Atherosclerosis is a condition characterized by the hardening and constriction of the arteries due to cholesterol plaque buildup. In this condition, your arteries can grow stiff and narrow, obstructing blood flow and lowering the delivery of oxygen-rich blood to the body’s tissues and essential organs.
Atherosclerosis develops gradually and may not cause symptoms until complications such as a heart attack or stroke occur. Early detection and treatment can help you avoid these complications.
What are the symptoms of atherosclerosis?
You may not experience symptoms until your artery becomes severely narrowed. Symptoms may differ depending on the affected artery.
Symptoms of atherosclerosis include:
- Chest pain or pressure and shortness of breath (if your heart arteries are affected)
- Numbness or weakness in the arms or legs and temporary vision loss (if the arteries leading to your brain are affected)
- Leg pain when walking (if the arteries of your arms and legs are affected)
- High blood pressure (if the arteries leading to your kidneys are affected)
What are the causes of atherosclerosis?
Although the specific cause of atherosclerosis is uncertain, it is thought to begin when the inner wall of an artery is damaged. Factors that may contribute to the damage include:
- High blood pressure
- High cholesterol
- High triglyceride
- Inflammation (such as that caused by arthritis or lupus)
- Obesity or diabetes
Once the inner wall is damaged, blood cells and other substances build up in the artery wall over time, forming plaque made of cholesterol and other cellular products. This plaque causes a hump inside your arterial wall, which can become a barrier if it grows large enough, restricting your arteries and preventing organs and tissues connected to these arteries from receiving enough blood to function properly. The plaques lining may tear, releasing cholesterol and other substances into the bloodstream; This can result in a blood clot, which can stop blood flow to a specific part of your body and spread to other body areas.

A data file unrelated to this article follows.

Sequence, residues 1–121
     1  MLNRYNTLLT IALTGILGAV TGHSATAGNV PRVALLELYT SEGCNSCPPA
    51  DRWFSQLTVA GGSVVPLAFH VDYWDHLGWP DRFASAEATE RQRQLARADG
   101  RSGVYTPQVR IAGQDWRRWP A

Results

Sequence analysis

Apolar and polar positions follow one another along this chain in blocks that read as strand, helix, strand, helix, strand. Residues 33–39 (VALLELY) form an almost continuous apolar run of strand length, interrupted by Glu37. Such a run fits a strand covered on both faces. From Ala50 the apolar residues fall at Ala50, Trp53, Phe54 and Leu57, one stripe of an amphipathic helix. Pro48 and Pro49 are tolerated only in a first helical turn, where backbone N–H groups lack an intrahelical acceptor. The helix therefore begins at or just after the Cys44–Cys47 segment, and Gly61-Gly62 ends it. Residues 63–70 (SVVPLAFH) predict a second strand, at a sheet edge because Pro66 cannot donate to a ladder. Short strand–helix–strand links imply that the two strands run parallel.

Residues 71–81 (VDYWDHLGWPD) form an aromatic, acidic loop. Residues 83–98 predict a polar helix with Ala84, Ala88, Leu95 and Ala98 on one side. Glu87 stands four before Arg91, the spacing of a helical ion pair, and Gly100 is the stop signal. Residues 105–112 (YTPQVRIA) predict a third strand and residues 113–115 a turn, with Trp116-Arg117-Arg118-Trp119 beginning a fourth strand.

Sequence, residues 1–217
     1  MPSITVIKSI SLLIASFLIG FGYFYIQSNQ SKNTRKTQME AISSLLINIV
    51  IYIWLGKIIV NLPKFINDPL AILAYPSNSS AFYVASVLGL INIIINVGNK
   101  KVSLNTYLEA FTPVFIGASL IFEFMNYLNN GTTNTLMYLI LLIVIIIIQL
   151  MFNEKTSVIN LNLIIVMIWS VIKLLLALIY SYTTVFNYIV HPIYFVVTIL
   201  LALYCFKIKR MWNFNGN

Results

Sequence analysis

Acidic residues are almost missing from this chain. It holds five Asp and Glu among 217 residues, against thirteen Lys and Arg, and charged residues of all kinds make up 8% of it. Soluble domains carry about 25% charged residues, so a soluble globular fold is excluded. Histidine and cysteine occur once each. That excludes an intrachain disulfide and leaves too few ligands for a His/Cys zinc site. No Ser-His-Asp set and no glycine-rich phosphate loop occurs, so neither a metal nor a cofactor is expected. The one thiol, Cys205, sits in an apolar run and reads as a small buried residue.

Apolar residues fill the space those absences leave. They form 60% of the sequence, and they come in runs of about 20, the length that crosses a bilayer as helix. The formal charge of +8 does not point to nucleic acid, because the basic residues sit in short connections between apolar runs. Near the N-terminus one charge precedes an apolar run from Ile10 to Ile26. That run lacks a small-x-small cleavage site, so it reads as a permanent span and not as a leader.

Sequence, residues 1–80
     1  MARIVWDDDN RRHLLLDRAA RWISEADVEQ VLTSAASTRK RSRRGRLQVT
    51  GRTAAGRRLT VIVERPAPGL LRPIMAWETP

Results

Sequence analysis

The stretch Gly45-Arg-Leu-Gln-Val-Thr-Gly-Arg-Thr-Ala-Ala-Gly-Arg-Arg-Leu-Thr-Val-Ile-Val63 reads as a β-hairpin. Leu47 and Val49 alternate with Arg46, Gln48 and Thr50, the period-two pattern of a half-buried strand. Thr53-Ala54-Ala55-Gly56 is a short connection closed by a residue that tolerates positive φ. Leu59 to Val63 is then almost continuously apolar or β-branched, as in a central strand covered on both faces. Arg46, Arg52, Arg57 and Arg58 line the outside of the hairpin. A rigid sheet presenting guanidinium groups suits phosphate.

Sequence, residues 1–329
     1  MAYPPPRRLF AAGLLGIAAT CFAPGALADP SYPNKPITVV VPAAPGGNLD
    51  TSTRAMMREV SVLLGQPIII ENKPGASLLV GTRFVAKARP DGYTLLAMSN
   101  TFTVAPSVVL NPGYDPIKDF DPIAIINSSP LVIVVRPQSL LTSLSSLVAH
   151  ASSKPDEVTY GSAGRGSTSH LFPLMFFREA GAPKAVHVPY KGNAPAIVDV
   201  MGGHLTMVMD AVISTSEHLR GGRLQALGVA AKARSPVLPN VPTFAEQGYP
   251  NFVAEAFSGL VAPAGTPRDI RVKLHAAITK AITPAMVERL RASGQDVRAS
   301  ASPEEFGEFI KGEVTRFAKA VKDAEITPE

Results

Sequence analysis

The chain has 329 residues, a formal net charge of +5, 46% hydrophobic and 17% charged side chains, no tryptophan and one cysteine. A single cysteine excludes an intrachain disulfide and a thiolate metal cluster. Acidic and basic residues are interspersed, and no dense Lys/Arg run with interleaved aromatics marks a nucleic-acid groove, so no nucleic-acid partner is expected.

How is atherosclerosis diagnosed?
During your consultation, the cardiologist will review your medical and family history, perform a physical examination, and request various tests, including:
- Blood tests to check for factors that increase your risk of atherosclerosis, such as high cholesterol or blood sugar levels.
- Electrocardiogram (ECG or EKG) to monitor your heart’s electrical activity.
- Exercise stress test, in which your heart rate, blood pressure, and breathing are monitored while you exercise to identify heart problems.
- Echocardiogram, which uses sound waves to show how well blood flows through your arteries as your heart beats.
- Ankle-brachial index (ABI), a blood pressure comparison test for your ankle and arm, to determine if the arteries in your legs and feet have atherosclerosis.
- Cardiac catheterization and angiogram, during which the doctor inserts a catheter (thin tube) into a blood vessel into your heart and injects dye into the catheter to make the arteries visible on an X-ray and reveal if they are restricted or clogged.
- Imaging tests, such as magnetic resonance angiography (MRA) to examine your arteries and detect artery hardness or narrowing.
How is atherosclerosis treated?
Treatment options for atherosclerosis include:
Lifestyle changes: Eating well, exercising regularly, and not smoking will help slow or stop atherosclerosis and reduce the risk of heart attacks and strokes.
Medications: Various medications are available to help delay or reverse the effects of atherosclerosis, such as:
- Statins: can decrease cholesterol, improve the health of arteries, and prevent atherosclerosis.
- Blood thinners (such as aspirin): can lower the chance of platelets clumping in restricted arteries and forming a blood clot.
- Blood pressure medications: can prevent or cure complications associated with the condition by lowering blood pressure.
The doctor may prescribe other medications to treat health problems that increase your risk of atherosclerosis (such as diabetes).
Surgical procedures: Severe cases of atherosclerosis may require surgery. Surgical procedures performed to treat atherosclerosis include:
- Angiography and stenting to open a blocked or clogged artery. During this procedure, a catheter with a deflated balloon on its tip is inserted into the affected artery. The doctor then inflates the balloon, which widens the artery and, in some cases, leaves a stent in place to ensure it remains open.
- Endarterectomy: This procedure involves removing plaque from your neck arteries and restoring blood flow.
- Fibrinolytic therapy. If a blood clot is blocking an artery, the doctor may use a clot-dissolving medicine to break it apart.
- Coronary artery bypass surgery. The doctor uses a healthy blood vessel from another part of your body to create a bypass around the blocked artery, diverting blood flow.
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